Today, investing based on environmental, social and governance (ESG) factors has become a cultural and political battleground. But amidst all the hubbub, ideas that go hand-in-hand with corporate purpose continue to quietly resonate. The purpose of existence keeps a company aligned, engages its stakeholders, and is at the heart of any profitable business. If purpose is fully developed and articulated, it becomes an integral part of company culture.

The corporate and business media embraced the concept of goals more than a decade ago. Business students and younger employees have adapted. That’s what they’ve been looking for — goals and salary. Now, against the backdrop of a tight labor market and fierce competition for talent, discussions around goals are very important in job searches and interviews. Employers respond accordingly, and the cycle continues.

Of course, passion for a goal is not enough. Sean Cady, vice president of global sustainability, responsibility and trade at VF Corp, said young people often think that passion is the reward, not delivering results that provide business value. He said VF was “performance-driven and purpose-driven,” but added that there had to be a balance.

Likewise, I recall a pharmaceutical executive speaking to Georgetown MBA students about distributing antimalarial drugs in Africa. A young woman said, “I want to work for you and save the world.” He replied, “Saving the world is all well and good, but I need someone who understands the supply chain.”

Companies typically hire early, at the end of an intern’s freshman or sophomore year. They are looking for analytical thinking, business operational skills and problem-solving skills. A sense of purpose may not come to the fore right away.

Yet purpose is powerful, not just among younger employees, but among employees at all levels. According to Katya Andresen, chief digital and analytics officer at Cigna, in her experience, “Purpose is the number one driver of engagement in almost all groups and consistently appears as a key factor in employee surveys. Since burnout is a persistent problem, purpose can make We align with something greater than ourselves and restore our sense of meaning and resilience.”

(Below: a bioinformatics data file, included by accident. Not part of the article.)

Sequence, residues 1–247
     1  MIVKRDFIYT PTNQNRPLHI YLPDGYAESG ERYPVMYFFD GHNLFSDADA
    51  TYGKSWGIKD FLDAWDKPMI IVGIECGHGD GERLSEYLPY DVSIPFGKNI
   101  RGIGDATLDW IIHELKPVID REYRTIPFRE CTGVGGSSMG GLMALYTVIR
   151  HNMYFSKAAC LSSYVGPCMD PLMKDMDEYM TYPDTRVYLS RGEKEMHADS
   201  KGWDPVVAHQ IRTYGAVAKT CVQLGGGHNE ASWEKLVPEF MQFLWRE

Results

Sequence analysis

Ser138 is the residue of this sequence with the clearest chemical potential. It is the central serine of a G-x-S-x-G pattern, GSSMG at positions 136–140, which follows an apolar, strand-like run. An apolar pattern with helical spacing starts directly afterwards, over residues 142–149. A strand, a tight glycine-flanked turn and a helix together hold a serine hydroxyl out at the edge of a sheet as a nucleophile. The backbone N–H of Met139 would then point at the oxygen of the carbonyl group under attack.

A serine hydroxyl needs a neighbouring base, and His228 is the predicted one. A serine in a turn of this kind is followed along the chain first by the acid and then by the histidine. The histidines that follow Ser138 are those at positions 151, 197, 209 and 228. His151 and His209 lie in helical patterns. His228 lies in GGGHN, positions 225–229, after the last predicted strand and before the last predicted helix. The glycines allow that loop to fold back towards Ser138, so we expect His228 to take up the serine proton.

After graduation, I kept in touch with students at Georgetown Business School. One of them told me, “I have student debt. I want to pay it off and live a good life. But I also want to stay engaged. I don’t want to lose my sense of purpose.”

He is not alone. Here are some examples of Georgetown Business School alumni (my former students) putting goals into work:

  • “I’m so lucky and grateful to have my dream job at my company and pay me to do what I’m good at while also changing the world…I recently had a son and I’ve been thinking How can I do this by showing him how to make a positive difference through my own actions to advance my goals.”
  • “I work with the global team to build our sustainable finance capabilities and support clients on their way to net zero emissions. It is the sense of purpose and impact on our bottom line that keeps us engaged and allows us to do good work.”
  • “What really resonated with me was the fact that the brand was rooted in writing and writing purpose. I was able to create a brand building marketing program (…) to help support literacy and writing education for kids. I’m excited about my work.”
  • “I work on a cross-functional supply chain team, including sustainability, diversity, governance, marketing and stakeholder engagement. In my role, I am able to…ensure these efforts are connected to our broader business goals at Together (…) I am excited to join an organization where career plans are discussed on a regular basis.”
  • “I focus on corporate reputation and community engagement. I think young people entering the workforce are increasingly seeking purpose differently. Impact-focused groups[hopefully]shape corporate culture and strategic priorities. They need to Goals at the heart of core job responsibilities and an understanding that this is a long-term mission.”

I admire these young Tigers and I’m excited for them to be the leaders of tomorrow. Purpose remains strong. Companies recognize this, and business schools recognize this. We are on the right track.

Bill Novelli is Professor Emeritus at Georgetown University’s McDonough School of Business. He has served as CEO of the American Association of Retired Persons (AARP) and global communications firm Porter Novelli.his latest book is Good Business: Ways to Change the World by Talking, Fighting, and Winning.

The opinions expressed in Fortune review articles are solely those of the authors and do not necessarily reflect the views and beliefs of: wealth.

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